Lopez and Roth combine for a fun and informative commentary. They joke with each other to make this a light, breezy piece, but they do more than just kid around, as they also ensure we learn a fair amount about the production. The track moves quickly and gives us a nice take on the film.

The Making of Aftershock runs nine minutes, 28 seconds and offers notes from Lopez, Roth, and actors Ariel Levy, Andrea Osvart, and Lorenza Izzo. We learn about the project’s origins and development, cast and performances, and various effects. “Making” gives us some decent shots from the set but remains a pretty insubstantial piece.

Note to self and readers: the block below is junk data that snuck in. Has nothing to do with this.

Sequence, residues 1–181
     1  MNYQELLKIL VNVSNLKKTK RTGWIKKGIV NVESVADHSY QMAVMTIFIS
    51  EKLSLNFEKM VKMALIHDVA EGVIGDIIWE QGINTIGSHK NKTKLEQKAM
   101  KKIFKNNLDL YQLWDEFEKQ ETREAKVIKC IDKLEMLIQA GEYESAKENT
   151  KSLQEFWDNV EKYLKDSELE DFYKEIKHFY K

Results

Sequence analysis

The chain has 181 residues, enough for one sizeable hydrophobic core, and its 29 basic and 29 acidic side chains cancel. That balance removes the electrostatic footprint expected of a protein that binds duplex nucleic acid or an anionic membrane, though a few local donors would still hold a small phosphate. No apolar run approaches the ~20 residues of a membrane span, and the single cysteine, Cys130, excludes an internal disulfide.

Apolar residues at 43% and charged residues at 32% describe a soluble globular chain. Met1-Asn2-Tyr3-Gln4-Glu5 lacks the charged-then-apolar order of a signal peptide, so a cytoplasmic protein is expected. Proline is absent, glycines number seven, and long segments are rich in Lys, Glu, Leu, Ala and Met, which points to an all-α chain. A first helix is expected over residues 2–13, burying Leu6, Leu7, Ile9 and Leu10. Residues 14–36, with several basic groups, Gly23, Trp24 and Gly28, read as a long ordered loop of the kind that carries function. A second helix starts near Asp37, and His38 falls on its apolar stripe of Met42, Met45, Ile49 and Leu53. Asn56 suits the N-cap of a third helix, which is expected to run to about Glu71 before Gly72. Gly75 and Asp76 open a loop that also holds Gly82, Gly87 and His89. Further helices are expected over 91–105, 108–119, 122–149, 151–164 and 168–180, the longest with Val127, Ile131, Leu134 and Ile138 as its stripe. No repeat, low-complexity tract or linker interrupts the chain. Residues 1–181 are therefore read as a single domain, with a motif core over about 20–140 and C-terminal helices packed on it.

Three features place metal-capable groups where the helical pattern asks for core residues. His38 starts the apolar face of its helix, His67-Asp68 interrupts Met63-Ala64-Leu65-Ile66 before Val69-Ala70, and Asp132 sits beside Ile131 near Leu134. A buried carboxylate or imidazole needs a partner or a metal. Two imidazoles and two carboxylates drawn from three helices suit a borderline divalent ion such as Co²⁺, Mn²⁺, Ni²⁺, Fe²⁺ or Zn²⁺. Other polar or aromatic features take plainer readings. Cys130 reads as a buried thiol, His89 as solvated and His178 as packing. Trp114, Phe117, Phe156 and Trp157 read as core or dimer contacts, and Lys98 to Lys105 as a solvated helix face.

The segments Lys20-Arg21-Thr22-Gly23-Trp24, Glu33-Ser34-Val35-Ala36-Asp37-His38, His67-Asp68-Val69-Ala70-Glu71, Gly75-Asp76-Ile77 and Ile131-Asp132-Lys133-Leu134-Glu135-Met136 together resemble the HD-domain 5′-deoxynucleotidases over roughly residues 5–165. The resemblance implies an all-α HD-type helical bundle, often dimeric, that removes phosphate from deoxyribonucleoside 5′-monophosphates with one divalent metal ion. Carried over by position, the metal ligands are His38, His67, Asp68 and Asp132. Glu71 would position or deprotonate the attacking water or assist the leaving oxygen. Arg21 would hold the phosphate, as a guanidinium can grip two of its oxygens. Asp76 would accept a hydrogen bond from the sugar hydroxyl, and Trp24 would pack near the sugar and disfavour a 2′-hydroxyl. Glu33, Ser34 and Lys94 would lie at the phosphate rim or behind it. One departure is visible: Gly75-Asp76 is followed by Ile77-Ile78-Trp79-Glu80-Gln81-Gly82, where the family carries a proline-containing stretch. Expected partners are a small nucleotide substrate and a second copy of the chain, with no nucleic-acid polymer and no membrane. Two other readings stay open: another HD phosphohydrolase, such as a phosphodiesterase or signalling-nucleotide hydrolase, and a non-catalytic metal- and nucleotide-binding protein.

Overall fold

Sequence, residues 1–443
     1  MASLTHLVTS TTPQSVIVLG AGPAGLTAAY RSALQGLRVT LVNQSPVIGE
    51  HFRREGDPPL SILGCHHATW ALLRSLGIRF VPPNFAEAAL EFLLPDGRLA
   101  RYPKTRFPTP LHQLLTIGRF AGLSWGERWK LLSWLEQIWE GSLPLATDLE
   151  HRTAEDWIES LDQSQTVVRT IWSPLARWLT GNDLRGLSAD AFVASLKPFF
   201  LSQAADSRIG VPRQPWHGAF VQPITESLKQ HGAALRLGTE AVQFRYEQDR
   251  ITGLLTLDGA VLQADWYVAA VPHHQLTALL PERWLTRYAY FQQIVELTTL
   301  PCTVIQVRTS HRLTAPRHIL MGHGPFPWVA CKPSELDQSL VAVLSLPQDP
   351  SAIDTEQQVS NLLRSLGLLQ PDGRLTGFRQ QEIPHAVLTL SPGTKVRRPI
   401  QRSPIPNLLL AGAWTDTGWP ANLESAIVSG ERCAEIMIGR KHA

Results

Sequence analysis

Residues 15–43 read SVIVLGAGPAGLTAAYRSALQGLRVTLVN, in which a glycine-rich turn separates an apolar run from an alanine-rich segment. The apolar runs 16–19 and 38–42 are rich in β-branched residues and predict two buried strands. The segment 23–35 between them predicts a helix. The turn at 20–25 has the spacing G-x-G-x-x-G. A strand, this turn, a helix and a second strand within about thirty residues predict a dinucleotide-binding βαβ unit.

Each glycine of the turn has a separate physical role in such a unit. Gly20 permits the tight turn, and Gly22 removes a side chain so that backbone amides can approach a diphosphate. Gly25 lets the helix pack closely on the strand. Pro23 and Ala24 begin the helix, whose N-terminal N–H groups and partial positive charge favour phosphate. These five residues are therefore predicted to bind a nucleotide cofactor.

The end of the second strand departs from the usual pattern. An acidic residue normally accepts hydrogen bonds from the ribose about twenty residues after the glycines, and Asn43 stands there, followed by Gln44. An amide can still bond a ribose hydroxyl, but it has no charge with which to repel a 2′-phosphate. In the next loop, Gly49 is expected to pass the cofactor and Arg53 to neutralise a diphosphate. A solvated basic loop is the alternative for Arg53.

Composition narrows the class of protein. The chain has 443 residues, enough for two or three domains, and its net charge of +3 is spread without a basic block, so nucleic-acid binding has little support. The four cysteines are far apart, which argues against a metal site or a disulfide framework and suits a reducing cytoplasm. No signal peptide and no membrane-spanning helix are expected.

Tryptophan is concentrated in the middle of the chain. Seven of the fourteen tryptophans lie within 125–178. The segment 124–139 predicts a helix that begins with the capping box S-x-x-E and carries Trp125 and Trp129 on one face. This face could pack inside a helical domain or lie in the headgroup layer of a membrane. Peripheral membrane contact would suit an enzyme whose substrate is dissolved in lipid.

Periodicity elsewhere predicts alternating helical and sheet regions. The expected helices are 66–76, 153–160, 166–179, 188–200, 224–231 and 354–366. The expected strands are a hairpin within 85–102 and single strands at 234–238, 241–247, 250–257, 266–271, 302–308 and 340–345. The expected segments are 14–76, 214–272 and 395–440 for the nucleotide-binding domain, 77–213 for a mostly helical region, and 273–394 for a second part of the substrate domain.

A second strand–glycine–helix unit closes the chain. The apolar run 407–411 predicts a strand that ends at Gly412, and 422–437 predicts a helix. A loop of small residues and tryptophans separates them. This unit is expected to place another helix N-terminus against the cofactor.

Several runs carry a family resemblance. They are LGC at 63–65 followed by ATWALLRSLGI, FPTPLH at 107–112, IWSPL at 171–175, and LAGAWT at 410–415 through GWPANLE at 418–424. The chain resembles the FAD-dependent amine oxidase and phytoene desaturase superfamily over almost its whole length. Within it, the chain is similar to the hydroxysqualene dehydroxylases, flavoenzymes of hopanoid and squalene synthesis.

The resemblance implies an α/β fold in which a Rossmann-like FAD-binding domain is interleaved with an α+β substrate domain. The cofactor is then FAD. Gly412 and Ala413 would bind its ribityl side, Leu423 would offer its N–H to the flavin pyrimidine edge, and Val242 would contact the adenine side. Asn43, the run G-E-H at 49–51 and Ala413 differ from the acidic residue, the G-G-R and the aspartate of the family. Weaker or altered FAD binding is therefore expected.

Finally, Shaking Up the Casting Process lasts two minutes, 11 seconds and shows a prank the filmmakers pulled on aspiring actors. While these folks put on wetsuits, the changing booths simulate earthquakes and we see the actors respond. This is pretty lame Candid Camera territory, but we see a couple of hot actresses in their underwear, so it’s not a total loss.

The disc opens with ads for Solomon Kane, Pusher, and Only God Forgives. No trailer for Aftershock shows up here.

I hoped that Aftershock would provide an entertaining update on the disaster genre, but instead, I found a fairly blah mix of horror and thrills. While it’s sporadically entertaining, it never really coalesces. The Blu-ray offers generally good picture and audio as well as bonus features highlighted by a fun commentary. This isn’t a bad film, but it’s a forgettable one.

Viewer Film Ratings: 2.3333 Stars Number of Votes: 3
0 3: